Opinion: Don't Take Your Right to Vote for Granted

Jun 22, 2022 at 01:53 pm by Chloe Cerutti

Don’t take your right to vote for granted. 

Rising rents, inflation, COVID-related job losses and evictions have resulted in increased homelessness and changes of residence for many Tennesseans. If you are among them, it’s important to report your change of address to your local County Election Commission and confirm that you will be able to vote in the upcoming August 4, 2022 election.           

After redistricting was completed earlier this year, voter registration cards designating each voter’s newly configured voting precincts were mailed out to all registered voters across the state. If at that time you were no longer at the street address of record and your new voter registration card and/or any subsequent communications from the Election Commission was returned as undeliverable, you may be at risk of being purged from the voter rolls.   

August 4, 2022 is a very significant election when voters will select and elect candidates for Governor, Mayor, state and U.S. Congressional representatives, as well as judges, county clerks, commissioners, and city council and school board members.  Early voting runs from July 15 through July 30, 2022.  However, since the last date to register to vote is July 5, 2022; time is of the essence to register or re-register to vote. With a Tennessee Driver License, both can be easily accomplished online at GOVOTETN.COM, the state’s official election information site. Polling locations and general voting information can also be obtained from the Secretary of State at 877-850-4959. 

Voting in Tennessee requires that one must be able to receive mail at a physical street address, not a post office box, and voters must present specific forms of picture ID at the time of voting. That includes a Tennessee driver license with photo (current or expired), U.S. Passport, U.S. Military ID with photo, or Tennessee handgun carry permit with photo. Student identification is not accepted. For those without a permanent residence, a public shelter address is acceptable.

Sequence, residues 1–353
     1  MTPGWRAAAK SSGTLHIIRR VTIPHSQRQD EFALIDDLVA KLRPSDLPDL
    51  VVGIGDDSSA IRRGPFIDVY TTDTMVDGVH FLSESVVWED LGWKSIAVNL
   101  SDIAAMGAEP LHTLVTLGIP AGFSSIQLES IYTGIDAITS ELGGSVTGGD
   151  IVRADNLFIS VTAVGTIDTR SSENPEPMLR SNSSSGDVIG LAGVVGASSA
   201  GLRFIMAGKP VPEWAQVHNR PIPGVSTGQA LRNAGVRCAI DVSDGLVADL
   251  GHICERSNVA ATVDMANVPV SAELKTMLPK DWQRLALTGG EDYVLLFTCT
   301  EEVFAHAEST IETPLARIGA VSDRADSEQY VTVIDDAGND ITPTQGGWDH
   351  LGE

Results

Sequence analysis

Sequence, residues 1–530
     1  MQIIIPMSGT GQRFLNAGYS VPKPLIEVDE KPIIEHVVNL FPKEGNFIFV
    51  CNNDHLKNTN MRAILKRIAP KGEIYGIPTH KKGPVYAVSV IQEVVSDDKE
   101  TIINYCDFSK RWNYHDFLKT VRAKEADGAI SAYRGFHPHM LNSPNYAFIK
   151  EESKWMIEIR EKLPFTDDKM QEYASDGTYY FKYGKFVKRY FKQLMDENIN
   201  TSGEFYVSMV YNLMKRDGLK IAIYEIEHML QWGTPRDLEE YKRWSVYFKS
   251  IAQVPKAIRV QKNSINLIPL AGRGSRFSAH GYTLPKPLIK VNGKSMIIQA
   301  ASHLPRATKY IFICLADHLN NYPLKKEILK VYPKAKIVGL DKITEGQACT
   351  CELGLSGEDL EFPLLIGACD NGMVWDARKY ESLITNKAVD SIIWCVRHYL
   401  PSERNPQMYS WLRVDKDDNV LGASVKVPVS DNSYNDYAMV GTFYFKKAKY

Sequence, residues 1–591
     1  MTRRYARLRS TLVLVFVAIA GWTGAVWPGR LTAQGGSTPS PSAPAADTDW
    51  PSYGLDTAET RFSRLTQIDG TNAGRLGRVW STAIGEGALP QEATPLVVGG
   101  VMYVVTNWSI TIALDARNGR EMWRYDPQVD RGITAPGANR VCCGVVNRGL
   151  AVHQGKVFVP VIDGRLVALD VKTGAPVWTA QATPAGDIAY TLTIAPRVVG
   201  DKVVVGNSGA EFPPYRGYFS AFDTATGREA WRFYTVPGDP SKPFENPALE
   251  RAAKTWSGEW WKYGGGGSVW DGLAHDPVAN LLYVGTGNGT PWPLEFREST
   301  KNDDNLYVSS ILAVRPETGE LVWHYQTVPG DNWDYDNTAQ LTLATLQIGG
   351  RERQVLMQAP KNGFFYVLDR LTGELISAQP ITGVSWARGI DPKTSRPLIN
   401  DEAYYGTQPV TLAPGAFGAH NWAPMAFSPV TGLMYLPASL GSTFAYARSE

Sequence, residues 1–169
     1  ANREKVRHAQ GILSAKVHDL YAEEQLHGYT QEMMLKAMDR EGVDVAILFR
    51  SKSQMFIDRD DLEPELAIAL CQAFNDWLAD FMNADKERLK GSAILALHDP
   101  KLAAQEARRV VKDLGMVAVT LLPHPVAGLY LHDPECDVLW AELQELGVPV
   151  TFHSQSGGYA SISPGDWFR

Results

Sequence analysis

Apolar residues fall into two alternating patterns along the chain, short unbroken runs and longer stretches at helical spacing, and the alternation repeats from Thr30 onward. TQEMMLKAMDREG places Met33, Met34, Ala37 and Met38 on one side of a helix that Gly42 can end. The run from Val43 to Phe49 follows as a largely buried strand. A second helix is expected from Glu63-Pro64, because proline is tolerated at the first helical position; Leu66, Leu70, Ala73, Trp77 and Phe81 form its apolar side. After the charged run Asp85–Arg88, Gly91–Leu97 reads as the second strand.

Tennessee continues to rank poorly among the states for its lack of voter participation – 48th in 2020; due in large part to excessively restrictive voting laws. Confusing, cumbersome, and overly complicated requirements and procedures certainly apply to By-Mail Voting, despite that being a favored voting method for many voters.  Then there are the hurdles which former convicted felons must overcome to regain their voting rights after having paid their debt to society. That has resulted in more than 1 in 5 black adults with a previous felony conviction in Tennessee (most often drug-related) being unable to vote. And now that homelessness has become a felonious offense for those unfortunates caught camping or sleeping on public property, there will undoubtedly be many more joining the ranks of Tennessee’s disenfranchised.   

In 2022, the importance of our votes has never been greater.  There are numerous quality-of-life issues locally and nationally about which voters should be concerned. Paramount are those related to gun control, wanton violence, and racist-based extremism.  Also in jeopardy are the rights of voters, workers and most particularly that of women. For Tennesseans, we can’t ignore our high crime rate; lack of affordable housing, access to health care; and the potential threat which charter schools pose to public education. Indeed there are many reasons to hold accountable those elected officials who have allowed their personal financial and political interests to supersede the well-being of those for whom they are pledged to serve. We, the People have the power to replace those individuals. Bear in mind that the right to vote is fundamental to maintaining a healthy democracy. Exercise that right and make your voices heard.        

Chloe Cerutti

Murfreesboro 37128        

Sections: Politics